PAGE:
Hard Drive Failure / Windows XP Install / Keyboard Freeze

Thanks for taking the time to look at my question.

My PC runs Windows XP professional SP4. It is 5 years old and, once I get this problem solved, will be replaced. It has been locking up over the past week. I run Spy Sweeper every night and a full virus scan every week. Today it locked up; when I restarted it I got this message:

"Windows could not start because the following file is missing or corrupt:

I went to www.microsoft.com to troubleshoot it. I found instructions in article 307545 and got through half the steps to where the PC would boot up. However, once I got to the login screen, the minute I hit a key on the keyboard (to do ctrl+alt+delete) the keyboard and mouse freeze. Same thing in safe mode.

I set the bios to boot from CD and put in my Windows XP Pro disk. I pressed ENTER to install Windows, it detected Windows XP and I pressed "R" to repair the current installation of Windows.

However, once I get to the part where I need to enter a key code, the keyboard and mouse both freeze once I hit a key. Now I am stuck in a loop where I cannot interrupt this repair to try anything different. The point in the installation has only "back" and "next" options that I can click with my mouse, but no "cancel." If I restart without the XP disk in the drive, it attempts to repair Windows without it, then prompts for it.

I have already decided to get a new PC. However, my "My Documents" folder is not backed up. I want to retrieve that data.

Here are the options I have considered:

1. Install a second copy of Windows XP in the same partition to a different directory (e.g., c:\windows2). The only problem with this is, every time I start up the PC it wants to continue the repair that is already in progress. It get stuck at the part where it asks for a key code, and the keyboard/mouse freeze once a key is pressed. If there were a way to cancel this repair and start with a fresh install, I might make progress.

2. Install the failing hard drive as a slave on another PC just long enough to grab the data. I tried that this morning. I set it up as a slave in the BIOS. I entered the information manually as to Cycles, Heads, etc. However, the startup reports an error with the slave drive and will not start up. When I remove the slave drive it starts up normally.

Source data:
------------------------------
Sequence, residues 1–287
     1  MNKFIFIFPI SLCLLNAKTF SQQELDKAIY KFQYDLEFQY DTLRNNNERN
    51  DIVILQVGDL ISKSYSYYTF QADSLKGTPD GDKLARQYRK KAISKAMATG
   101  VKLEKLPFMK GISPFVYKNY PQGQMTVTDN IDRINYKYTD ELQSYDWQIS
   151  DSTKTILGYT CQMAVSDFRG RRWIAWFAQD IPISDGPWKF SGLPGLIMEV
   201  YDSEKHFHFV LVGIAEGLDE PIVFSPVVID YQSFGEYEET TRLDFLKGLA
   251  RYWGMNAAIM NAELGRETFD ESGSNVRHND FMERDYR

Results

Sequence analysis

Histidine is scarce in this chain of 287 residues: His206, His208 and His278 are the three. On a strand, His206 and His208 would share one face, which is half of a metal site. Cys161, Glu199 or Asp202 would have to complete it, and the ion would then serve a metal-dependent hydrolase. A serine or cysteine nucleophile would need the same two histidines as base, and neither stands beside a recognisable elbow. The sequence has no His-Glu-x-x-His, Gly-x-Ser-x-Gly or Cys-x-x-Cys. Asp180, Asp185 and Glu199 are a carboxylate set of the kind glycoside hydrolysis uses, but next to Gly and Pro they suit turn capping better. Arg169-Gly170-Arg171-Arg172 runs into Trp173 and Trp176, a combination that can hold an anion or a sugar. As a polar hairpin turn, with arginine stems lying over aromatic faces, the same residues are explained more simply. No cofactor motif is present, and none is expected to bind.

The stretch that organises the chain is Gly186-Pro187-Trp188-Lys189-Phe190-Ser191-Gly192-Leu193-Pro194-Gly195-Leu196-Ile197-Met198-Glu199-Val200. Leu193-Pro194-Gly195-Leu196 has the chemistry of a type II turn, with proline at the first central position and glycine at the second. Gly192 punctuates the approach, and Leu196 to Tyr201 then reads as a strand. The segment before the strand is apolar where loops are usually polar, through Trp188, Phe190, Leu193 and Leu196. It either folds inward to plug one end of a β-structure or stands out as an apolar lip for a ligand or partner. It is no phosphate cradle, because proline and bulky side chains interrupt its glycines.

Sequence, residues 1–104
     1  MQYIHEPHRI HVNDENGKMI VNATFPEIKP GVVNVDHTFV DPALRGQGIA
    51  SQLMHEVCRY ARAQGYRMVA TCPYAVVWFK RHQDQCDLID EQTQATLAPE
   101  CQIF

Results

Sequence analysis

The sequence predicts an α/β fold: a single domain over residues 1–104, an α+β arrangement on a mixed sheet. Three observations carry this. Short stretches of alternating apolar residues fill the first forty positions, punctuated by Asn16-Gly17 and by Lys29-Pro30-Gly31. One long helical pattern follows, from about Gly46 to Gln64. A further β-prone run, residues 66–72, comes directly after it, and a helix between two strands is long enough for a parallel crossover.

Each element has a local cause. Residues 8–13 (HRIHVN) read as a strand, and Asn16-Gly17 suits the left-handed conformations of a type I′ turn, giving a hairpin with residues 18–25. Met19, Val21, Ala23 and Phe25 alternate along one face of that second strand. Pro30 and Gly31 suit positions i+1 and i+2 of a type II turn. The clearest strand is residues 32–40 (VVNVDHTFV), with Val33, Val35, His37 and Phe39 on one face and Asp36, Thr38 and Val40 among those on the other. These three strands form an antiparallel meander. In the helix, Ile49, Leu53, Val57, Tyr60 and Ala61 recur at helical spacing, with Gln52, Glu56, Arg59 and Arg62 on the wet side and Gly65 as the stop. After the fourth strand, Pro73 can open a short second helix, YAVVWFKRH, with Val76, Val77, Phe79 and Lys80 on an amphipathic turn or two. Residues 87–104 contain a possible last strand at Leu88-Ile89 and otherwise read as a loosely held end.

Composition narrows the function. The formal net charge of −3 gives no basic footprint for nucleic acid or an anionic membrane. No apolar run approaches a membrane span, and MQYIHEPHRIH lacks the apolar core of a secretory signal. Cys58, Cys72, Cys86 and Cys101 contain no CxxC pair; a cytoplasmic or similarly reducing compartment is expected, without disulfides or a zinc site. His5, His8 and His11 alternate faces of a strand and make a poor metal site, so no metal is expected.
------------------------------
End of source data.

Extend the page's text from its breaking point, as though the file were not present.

I have read through a lot of the articles on Experts Exchange to find a solution. If I could get the keyboard to work I might make progress, however, once a key is pressed it's a no-go and I'm stuck at one spot in the Windows repair.

The keyboard is a standard PS/2.

This is worth 500 points if I can get a solution that will allow me to simply access the data on the failing drive long enough to move it to my external hard drive, then I'm good. Thanks for any insight you can provide.
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If the drive cannot be installed in another machine as a slave drive, your options are limited, because it is unlikely to boot either.  Install it as a slave drive and make sure the jumpers are correctly set.  Then go into the BIOS and let it autodetect the drive (position the cursor on the IDE channel and hit enter).  If it can't autodetect the drive, then try the manual entry method.  Your description of it causing the system to hang when plugged in may indicate a logic board problem, which is pretty serious and can't be resolved without sending the drive to a data recovery facility.  If the drive is properly detected and lets you boot up, copy the data as soon as possible to a good drive.  Use GetDataBack (www.runtime.org) if you can't read it.
If you cannot install the hard drive as a slave drive then the drive is in really bad shape and the likelyhood of having it actually run an OS is not good.
Make sure your jumpers are set correctly and try to slave the drive to a modern PC running XP with the BIOS set to auto for hard drives, that way you have the best opportunity of the drive being seen, and possibly pulling data from it.
If you let the drive hang but grounded to bottom of case you would be able to do the rotating the drive with wrist action before you start the PC. Perhaps it will find a happy spot and start to spin. Be careful not to short or spark it when leaving loose in case.

Good luck.
jhardwickAuthor Commented:
Thanks for the comments so far. I am going to try again to connect it as a slave drive.

Would the detection problem be related to the fact that there was a Windows XP repair in progress? That's what it does when I boot it up in the original PC.